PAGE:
A bit more news from ASH 2012
Following up on our Immunotherapy post, here is a link to The In Vivo blog’s writeup of the deal struck between UPenn and Novartis to commercialize the CAR (and specifically CART19) technology that we discussed in our last post:
In Vivo highlights this deal as one of its “Alliance” nominees of the year, and it illustrates the race going on among big pharma and biotech to tie up academic assets at an early stage. Indeed other big players tried very hard to secure this technology.
The Btk inhibitor Ibrutinib made its own splash over the last few days at ASH, including startling clinical data in CLL and MCL:
here’s the CLL press release (via FierceBiotech):
and the MCL story off the JNJ website:
Taken together you have to wonder how these competing technologies – orally dosed small molecule kinase inhibitors v ex vivo T cell manipulation – will play out. Add a big dose of new biologics to the mix, and its clear that the field of B cell lymphoma treatment will become a very interesting scientific, clinical practice and commercial landscape.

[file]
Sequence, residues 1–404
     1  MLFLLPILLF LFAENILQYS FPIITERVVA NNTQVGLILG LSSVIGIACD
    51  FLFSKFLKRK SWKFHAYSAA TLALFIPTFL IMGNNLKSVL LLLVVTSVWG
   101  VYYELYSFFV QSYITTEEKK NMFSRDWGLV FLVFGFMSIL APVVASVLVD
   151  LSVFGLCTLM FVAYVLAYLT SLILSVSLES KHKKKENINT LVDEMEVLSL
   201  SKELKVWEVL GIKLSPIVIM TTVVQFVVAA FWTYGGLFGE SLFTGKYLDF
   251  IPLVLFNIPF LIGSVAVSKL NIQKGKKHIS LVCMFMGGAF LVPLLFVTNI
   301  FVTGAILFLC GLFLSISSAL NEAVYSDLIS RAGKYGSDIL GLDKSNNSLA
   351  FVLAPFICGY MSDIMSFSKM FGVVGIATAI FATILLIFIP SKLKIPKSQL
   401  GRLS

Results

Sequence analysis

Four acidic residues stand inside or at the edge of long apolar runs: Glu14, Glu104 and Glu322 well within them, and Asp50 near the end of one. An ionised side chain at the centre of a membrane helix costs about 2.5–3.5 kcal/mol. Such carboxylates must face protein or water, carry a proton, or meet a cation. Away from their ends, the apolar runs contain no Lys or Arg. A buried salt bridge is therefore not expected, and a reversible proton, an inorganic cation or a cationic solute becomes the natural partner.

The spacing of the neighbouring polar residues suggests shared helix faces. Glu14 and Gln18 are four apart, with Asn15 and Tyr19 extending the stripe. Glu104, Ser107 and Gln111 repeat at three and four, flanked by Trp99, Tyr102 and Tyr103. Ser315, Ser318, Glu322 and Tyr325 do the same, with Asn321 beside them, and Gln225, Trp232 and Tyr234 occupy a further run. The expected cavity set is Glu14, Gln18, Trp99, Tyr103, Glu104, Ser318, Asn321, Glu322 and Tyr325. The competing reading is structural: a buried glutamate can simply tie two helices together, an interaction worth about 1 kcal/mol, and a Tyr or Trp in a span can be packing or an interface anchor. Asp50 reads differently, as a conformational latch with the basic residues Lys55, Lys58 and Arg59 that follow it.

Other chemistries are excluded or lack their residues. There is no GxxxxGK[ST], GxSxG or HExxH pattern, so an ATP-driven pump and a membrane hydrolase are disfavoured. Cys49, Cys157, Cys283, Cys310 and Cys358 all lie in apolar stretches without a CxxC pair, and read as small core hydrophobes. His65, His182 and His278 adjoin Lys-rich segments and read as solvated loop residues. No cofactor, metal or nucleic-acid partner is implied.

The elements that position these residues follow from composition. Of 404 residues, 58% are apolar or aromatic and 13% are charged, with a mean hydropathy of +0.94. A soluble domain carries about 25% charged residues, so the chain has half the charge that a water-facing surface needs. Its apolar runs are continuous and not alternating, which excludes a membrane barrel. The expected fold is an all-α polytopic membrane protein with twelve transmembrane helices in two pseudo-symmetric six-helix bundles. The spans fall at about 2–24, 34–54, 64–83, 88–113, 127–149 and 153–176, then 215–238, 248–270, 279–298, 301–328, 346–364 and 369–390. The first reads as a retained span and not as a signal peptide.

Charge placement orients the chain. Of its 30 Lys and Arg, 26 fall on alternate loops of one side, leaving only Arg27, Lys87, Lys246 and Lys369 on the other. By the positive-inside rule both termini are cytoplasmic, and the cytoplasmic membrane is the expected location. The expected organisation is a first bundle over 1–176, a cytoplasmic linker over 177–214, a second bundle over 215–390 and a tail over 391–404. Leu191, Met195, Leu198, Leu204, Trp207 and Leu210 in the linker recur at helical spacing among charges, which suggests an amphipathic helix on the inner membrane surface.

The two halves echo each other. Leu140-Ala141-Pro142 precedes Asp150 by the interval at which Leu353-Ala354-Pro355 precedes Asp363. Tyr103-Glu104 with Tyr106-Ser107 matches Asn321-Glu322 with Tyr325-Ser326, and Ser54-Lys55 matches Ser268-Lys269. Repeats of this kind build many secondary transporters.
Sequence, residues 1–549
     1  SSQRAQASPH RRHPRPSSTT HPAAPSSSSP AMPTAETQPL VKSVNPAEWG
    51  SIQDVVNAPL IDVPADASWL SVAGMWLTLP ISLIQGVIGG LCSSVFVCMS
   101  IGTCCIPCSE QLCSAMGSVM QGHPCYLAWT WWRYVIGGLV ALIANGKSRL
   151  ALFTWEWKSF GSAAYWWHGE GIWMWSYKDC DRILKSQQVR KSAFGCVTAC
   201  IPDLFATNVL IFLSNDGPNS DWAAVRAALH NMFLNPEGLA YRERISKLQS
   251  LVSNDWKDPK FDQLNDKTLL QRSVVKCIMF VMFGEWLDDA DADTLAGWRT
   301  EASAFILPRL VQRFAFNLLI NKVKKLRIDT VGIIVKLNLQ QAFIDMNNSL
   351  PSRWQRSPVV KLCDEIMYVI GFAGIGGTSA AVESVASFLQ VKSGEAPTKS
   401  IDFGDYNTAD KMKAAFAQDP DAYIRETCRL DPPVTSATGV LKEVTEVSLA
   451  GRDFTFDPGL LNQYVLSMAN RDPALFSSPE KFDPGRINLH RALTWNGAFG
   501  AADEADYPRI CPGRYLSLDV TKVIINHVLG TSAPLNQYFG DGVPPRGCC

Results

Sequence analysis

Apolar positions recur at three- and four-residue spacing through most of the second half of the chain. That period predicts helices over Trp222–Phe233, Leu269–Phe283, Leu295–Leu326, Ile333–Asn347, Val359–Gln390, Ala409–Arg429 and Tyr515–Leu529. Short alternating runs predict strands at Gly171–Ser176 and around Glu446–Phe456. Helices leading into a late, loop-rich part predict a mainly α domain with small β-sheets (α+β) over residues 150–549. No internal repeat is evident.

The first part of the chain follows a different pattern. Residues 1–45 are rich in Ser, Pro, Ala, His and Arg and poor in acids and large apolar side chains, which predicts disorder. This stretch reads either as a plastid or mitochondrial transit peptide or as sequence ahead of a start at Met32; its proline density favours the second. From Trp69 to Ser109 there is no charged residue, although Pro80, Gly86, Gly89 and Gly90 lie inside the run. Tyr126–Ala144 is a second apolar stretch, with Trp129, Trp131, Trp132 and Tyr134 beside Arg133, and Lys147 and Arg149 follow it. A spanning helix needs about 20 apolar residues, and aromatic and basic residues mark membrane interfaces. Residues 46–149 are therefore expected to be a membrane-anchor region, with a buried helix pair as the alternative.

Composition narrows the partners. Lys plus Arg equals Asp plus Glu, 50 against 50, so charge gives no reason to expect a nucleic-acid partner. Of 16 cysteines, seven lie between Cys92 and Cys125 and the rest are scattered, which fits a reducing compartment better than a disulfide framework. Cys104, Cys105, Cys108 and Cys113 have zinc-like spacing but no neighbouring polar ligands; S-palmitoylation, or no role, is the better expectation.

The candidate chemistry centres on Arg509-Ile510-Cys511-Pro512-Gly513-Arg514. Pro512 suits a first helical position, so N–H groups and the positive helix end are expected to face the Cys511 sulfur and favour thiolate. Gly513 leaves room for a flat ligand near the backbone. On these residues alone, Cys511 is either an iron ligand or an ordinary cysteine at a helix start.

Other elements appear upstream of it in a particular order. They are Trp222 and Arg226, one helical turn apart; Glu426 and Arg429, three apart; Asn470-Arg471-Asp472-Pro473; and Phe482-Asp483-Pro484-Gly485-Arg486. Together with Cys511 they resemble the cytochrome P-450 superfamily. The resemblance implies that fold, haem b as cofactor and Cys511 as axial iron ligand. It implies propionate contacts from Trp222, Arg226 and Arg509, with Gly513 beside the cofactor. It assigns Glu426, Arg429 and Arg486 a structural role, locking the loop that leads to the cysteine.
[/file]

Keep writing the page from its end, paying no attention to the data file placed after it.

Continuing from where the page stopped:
We start with breaking news from ASH 2012 (http://www.hematology.org/Meetings/Annual-Meeting/) where my old friend and colleague Carl June from University of Pennsylvania has presented remarkable data on the use of gene-modified T cells to attack and clear CD19+ acute lymphoblastic leukemia (ALL) and chronic lymphoblastic leukemia (CLL). In addition to the transduction with a chimeric antigen receptor to CD19, the T cells also contain the CD3zeta signaling domain and the 4-1BB costimulatory protein. The work has been well described in the literature (eg. Porter et al. 2011. NEJM. 365: 725-733). Basically a viral vector is used to string together the requisite pieces for transduction of the isolated patient T cells, which are then returned to the patient where they undergo expansion in the presence of antigen (in this case the abundant CD19 present on both lymphoblastic and normal B cells), under the potent influence of CD3 signaling and 4-1BB costimulation.
What has caught the attention of the public is the story of a pediatric patient, nearly lost, having failed all current therapies, and too ill from chemo to receive any more rounds. The story of her remarkable recovery after treatment is compelling and moving – this work represents a dramatic step forward in immunotherapeutic treatment of an advanced cancer.